How much does a Clinical Research Associate make in the United States?
Average base salary
The average salary for a clinical research associate is $95,925 per year in the United States.
Most common benefits
What does a Clinical Research Associate do?
Clinical research associates work in pharmaceuticals, testing drugs before they come to market to record the benefits and risks associated with taking them. They will design testing processes which they will then follow, recording the results and compiling reports to show the effectiveness of the drugs. Clinical research associates are sometimes called clinical monitors or trial monitors.
Working as a Clinical Research Associate
Clinical research associates have a range of responsibilities, which could include:
- Meeting with ethics committees to establish appropriate testing procedures
- Working with data from sources of information about the drugs they are researching
- Understanding regulations regarding drug testing and ensuring compliance with all guidelines
- Maintaining and reviewing drug inventory, keeping accurate records of the quantities tested
- Setting up and monitoring tests, reviewing processes and procedures and reporting the results
Frequently asked questions
What qualities do successful clinical research associates have?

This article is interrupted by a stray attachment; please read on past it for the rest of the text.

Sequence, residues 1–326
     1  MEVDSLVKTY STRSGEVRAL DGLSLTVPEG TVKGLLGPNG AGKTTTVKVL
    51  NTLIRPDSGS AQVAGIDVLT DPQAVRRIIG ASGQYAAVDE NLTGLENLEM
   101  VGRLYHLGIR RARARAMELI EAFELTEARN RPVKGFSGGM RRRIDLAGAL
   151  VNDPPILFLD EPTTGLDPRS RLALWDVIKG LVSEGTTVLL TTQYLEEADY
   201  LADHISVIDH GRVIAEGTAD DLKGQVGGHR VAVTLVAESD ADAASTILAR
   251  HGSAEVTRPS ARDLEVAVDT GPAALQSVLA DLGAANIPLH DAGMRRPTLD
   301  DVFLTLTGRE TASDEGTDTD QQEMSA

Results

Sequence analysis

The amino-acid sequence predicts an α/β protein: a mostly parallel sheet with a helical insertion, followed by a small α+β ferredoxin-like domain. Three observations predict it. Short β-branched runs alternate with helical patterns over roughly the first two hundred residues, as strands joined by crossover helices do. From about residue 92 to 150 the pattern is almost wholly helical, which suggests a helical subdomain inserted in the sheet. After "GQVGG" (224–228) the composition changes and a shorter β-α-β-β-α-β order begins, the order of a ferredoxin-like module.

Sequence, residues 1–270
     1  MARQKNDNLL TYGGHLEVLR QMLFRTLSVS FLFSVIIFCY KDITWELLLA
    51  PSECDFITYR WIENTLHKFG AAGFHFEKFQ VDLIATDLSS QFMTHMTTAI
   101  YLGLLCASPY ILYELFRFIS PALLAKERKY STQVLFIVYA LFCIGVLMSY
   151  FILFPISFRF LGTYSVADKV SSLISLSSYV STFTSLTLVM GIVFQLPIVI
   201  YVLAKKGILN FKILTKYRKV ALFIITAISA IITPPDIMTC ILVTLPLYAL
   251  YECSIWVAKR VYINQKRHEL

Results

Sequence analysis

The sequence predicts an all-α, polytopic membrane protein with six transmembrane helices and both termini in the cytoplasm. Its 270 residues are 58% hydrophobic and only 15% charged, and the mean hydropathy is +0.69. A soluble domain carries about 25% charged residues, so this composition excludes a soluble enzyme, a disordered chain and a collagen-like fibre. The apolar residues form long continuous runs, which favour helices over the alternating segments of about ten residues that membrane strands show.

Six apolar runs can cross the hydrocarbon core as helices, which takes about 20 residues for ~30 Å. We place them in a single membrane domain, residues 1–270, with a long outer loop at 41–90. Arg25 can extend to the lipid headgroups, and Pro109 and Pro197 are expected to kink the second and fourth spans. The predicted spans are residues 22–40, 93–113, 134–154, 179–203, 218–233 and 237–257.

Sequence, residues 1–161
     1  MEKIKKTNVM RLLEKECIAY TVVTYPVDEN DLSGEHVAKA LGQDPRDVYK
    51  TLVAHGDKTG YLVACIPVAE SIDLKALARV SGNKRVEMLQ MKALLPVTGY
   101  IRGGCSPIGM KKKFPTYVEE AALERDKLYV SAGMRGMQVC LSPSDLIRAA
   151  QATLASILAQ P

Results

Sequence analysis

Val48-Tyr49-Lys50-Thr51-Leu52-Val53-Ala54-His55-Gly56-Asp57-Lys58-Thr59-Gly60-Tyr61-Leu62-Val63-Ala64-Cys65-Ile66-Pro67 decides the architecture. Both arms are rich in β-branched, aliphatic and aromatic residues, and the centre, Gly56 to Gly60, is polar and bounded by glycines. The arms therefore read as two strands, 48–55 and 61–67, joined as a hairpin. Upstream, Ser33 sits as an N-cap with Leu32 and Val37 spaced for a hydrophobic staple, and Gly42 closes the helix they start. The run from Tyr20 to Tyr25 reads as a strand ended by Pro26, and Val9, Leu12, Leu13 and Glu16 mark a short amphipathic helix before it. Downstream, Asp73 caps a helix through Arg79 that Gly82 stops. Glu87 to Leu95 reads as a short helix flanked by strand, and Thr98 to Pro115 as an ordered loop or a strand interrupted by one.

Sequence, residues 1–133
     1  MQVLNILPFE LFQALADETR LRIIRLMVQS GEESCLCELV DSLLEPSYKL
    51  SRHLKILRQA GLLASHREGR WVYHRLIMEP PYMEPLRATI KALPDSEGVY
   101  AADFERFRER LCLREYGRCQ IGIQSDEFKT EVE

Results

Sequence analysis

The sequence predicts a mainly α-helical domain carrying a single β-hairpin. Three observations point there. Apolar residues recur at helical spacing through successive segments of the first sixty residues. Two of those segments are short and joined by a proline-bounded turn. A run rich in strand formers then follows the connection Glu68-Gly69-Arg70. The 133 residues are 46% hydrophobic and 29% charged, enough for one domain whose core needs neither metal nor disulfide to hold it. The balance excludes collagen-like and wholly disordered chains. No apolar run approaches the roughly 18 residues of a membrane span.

The nature of work requires a clinical research associate to be methodical and incredibly organized. The results of the tests rely on every step being completed according to the protocols, so clinical research associates need to be able to follow instructions closely.
How can I know if I am being paid fairly as a clinical research associate?
If you’re unsure about what salary is appropriate for a clinical research associate, visit Indeed's Salary Calculator to get a free, personalized pay range based on your location, industry and experience.
Where do clinical research associates work?
Clinical research can be carried out in a variety of different facilities, including hospitals and other medical treatment centers, laboratories and academic research settings. Some clinical research associates will be required to travel between different laboratories and testing centers, but others will be based in one place or even work from home for most of their time.